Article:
Nest egg - Nanowrap helps Ingham’s save for the future

Nest egg - Nanowrap helps Ingham’s save for the future

Back in 1918, Walter Ingham bought his son 6 hens and a rooster to look after on their bushland property in Sydney’s southeast. Walter Jr took to the work with dedication, growing the family business to a sizable empire, one that his sons Bob and Jack would take over in the 1950s.

Today Ingham’s are the largest integrated poultry producer across Australia and New Zealand. They employ over 8,000 people and supply major retailers, restaurant operators, food service distributors and wholesalers, and also produce and supply high quality stock feed to the poultry, pig, dairy and equine industries.

In New Zealand there are eight North Island locations used to raise, process and distribute their renowned product range. While a busy and thriving operation, Ingham’s are know they cannot afford to rest on their laurels. The company is consistently for ‘striving for world class operational excellence’.

In Hamilton, Ingham Feed and Nutrition have been working with the Universal Packaging team since 2014. In this time we’ve been making sure their produce is wrapped right and tight before it leaves their facility, and working alongside them to help the operation meet efficiency and waste minimisation goals.

This is a significant focus for Ingham’s sustainability strategy, which targets key areas in an overall ‘zero waste’ initiative. These include avoiding and reducing the amount of waste generation, identifying value-adding options for products, improving recycling rates and investigating suitable technologies to value add and convert waste into energy

 

“We’ve had noticeably less breakages with Nanowrap”

Danone

After working closely with Luke Hill, Ingham’s Hamilton Production Superintendant, we introduced Nanowrap to the distribution centre. By reducing waste and adding value the cutting edge pallet packaging ticked some important boxes.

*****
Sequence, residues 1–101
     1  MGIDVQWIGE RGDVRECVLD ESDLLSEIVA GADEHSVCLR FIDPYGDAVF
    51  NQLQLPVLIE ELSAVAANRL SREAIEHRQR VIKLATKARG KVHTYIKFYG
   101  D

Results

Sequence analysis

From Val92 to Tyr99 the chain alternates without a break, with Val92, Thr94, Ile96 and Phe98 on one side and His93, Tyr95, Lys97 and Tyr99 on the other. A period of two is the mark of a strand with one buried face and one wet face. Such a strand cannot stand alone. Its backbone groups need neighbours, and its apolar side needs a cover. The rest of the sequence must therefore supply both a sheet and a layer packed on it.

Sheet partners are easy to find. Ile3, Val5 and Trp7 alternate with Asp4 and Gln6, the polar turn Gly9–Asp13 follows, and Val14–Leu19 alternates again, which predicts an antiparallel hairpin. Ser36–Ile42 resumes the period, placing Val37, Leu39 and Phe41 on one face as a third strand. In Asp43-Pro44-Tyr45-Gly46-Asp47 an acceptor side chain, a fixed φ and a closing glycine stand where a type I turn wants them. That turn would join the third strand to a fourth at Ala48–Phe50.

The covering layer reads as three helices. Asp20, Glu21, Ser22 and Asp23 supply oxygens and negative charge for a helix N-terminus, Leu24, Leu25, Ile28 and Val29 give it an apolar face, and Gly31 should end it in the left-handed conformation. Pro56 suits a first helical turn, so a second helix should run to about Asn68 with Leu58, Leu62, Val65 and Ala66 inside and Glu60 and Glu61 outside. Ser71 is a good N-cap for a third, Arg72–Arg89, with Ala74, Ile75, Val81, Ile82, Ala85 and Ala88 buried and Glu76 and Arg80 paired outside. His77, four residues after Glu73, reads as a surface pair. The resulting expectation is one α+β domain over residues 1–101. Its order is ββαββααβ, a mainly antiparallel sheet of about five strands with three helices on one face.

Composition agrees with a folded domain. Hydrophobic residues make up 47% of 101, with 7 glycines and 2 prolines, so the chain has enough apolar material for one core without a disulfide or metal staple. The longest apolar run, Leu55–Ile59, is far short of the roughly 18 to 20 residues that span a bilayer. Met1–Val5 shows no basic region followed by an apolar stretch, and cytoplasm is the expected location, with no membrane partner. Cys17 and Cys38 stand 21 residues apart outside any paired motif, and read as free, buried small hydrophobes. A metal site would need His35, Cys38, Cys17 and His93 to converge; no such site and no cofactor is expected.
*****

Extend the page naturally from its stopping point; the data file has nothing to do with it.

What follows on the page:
By stretching 300%, Nanowrap has been proven to save 40% film per pallet wrapped. However the Universal team wanted to be sure the wrap could work as advertised for the busy Hamilton facility.

While it’s easy to make bold claims, the team takes prides in the expert analysis undertaken before any change is enacted. The last thing we wanted was to be left with egg on our face.

“If we can’t measure the gains then we won’t recommend the product,” says Universal Technical Consultant Matt Goddin. “We started Ingham’s on a trail with Nanowrap in April 2017. Since then we’ve been keeping an eye on how things are progressing.”

One big change has been in the reduction of ‘hands-on’ time needed in coordinating between the pallet wrap and wrapping equipment.

“We were constantly having to adjust rolls and tensions multiple times per roll,” says Luke Hill. “This meant substantial amounts of time lost to maintenance.”

“We’ve had noticeably less breakages with Nanowrap,” he continues. “Where as before we were having these adjustments throughout the life of a roll we now almost never have to.”

Luke is happy with the move to Nanowrap and happier still that such gains can be correctly measured too.

“The Universal team are always efficient and knowledgeable. They had all the data so we could make an informed decision on making any change.”

Now, with the move to Nanowrap 20 in July of this year, further gains have been made with both waste minimisation and cost cutting.

“Overall it (Nanowrap) has saved money by allowing staff to use the wrapper without interruption from breakages,” says Luke. “So we’ve increased efficiencies there, as well as reduced costs when compared with the previous product.”

With less wrap used and more pallets wrapped Ingham’s is helping to create a sustainable future for the company. That’s a pecking packing order we’re proud to assist with.

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